Sometimes these types of kids are punished, but they're not bothered by it. "I take away his Game Boy, but he just plays with something else," their parents tell me in the office. Or they'll say, "I put her in time-out, but she just plays there." Don't get me wrong. I'm not advocating harshness. But for a punishment to work well, I explain to parents, it needs to be something your child doesn't want to have happen again. In our house, taking away favorite toys (the length of time varies with the gravity of the offense), sending the kids to their rooms (our variation on a time-out), or losing screen time (computer and/or TV) generally works. So does "No playdates for X period of time" and, for the teenagers, "You're grounded!" Of course, every family, and every child, is different. In the office, I try to help parents think about what would be most effective; for example, taking away playdates might work for a social kid. Or if your child loves Dora, no TV/DVD for that day will get her attention.
4. Being inconsistent
Once you've said no to something, like "No throwing sand," you have to continue saying no. You can't give in sometimes ("Well, okay, you're having fun and nobody seems to mind getting it in their eyes"). Kids get confused and pick up quickly on the fact that they have, well, latitude. If you really enjoy throwing sand, and you know that sometimes Mommy and Daddy let you, of course you're going to throw sand.
Since you don't want to say no to everything, pick your battles and decide what's really important to you. In my case, I'm not so concerned about neatness, but I won't tolerate meanness, lying, or anything violent or dangerous. Once you've decided on your rules, set them clearly and stick to them.
The other part of this is follow-through. If you take away your child's TV privileges for the day and then give in while you're making dinner because you don't want him underfoot, he'll figure out pretty soon that there's a good chance he may not get punished if he decides to break the rules.
5. Always focusing on the negative
Sometimes I think we parents must sound like the grown-ups in the Charlie Brown specials, all "WahWahWah." And when you've got a kid who has trouble with rules, it can make for a really difficult relationship when all you seem to do is reprimand her.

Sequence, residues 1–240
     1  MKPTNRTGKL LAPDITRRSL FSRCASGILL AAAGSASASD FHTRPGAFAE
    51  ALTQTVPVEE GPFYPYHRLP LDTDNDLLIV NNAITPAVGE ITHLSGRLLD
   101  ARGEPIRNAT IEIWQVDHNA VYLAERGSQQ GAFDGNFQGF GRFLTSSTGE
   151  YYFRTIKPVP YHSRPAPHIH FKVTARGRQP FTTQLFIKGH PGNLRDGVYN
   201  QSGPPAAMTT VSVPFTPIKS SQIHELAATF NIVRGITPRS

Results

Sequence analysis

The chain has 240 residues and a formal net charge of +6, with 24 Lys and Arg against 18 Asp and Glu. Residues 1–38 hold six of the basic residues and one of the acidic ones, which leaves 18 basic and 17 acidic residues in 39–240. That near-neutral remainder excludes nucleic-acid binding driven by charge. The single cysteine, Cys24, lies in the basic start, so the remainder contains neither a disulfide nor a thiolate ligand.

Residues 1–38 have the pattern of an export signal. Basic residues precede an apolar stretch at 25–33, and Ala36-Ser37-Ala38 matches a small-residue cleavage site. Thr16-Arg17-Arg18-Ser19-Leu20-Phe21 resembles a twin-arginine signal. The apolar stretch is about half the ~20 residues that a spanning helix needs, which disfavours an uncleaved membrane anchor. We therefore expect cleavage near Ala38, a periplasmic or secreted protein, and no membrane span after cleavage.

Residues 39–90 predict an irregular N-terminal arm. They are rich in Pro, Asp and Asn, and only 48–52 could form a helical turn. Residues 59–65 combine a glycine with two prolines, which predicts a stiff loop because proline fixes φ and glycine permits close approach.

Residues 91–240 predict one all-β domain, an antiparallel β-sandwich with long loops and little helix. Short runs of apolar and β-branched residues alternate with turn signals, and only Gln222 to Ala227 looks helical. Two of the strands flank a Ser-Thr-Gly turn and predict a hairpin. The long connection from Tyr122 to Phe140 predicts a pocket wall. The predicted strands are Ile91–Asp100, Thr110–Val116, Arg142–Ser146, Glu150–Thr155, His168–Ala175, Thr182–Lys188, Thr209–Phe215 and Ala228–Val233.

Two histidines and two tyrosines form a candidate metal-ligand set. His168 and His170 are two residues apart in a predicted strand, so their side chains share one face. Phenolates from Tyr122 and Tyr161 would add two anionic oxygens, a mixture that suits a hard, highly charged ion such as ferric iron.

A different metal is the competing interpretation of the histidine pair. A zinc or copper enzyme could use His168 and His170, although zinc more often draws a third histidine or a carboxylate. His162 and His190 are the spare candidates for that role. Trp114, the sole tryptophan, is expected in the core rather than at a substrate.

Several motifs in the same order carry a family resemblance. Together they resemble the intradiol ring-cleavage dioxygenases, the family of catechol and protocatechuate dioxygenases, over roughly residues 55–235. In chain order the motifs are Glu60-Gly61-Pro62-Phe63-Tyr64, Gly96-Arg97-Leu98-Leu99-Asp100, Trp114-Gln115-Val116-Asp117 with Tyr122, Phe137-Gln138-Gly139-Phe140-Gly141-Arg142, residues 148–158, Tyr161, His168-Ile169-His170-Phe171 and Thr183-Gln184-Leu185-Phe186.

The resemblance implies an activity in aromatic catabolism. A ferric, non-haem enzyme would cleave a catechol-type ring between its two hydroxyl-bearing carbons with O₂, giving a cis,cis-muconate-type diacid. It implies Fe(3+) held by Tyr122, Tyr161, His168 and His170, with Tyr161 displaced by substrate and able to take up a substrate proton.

The solution is to catch your child being good. If she goes a solid 15 minutes without picking on her sister, she should get kudos. Even if it's only five minutes, try your best to notice it. You'll be surprised how effective this can be: It's human nature to like praise, and to want to please the people we love.
This can work for you in other ways, too. As you enter a store, instead of saying, "If you don't behave, I'll be really angry and won't get you a treat," try saying, "We have to get the shopping done, and I need help. If everyone is good and helps me, we'll stop for ice cream on the way home." Think about it: Which would you rather hear?
It's not a bad idea, actually, to ask yourself variations on that question often. What would you rather hear? How would this make you feel? Granted, you're a grown-up, and would probably need to be told only once not to bite. But asking yourself questions reminds you that your kids aren't just crazy beasts put on this earth to make you insane (although it feels that way sometimes) and that discipline isn't just about keeping order. Discipline is about keeping our children safe -- and helping them grow up to be kind, successful, happy adults.
So the next time your child is the one throwing sand in the sandbox, take a deep breath. As you scoop her up and think about what might work this time (since your last method didn't), remember that she is little and has so much yet to learn. And, most of all, remember that you love her. Because that, more than anything else, is what discipline is really about.
Claire McCarthy, M.D., is a contributing editor and a pediatrician who's busy raising five kids.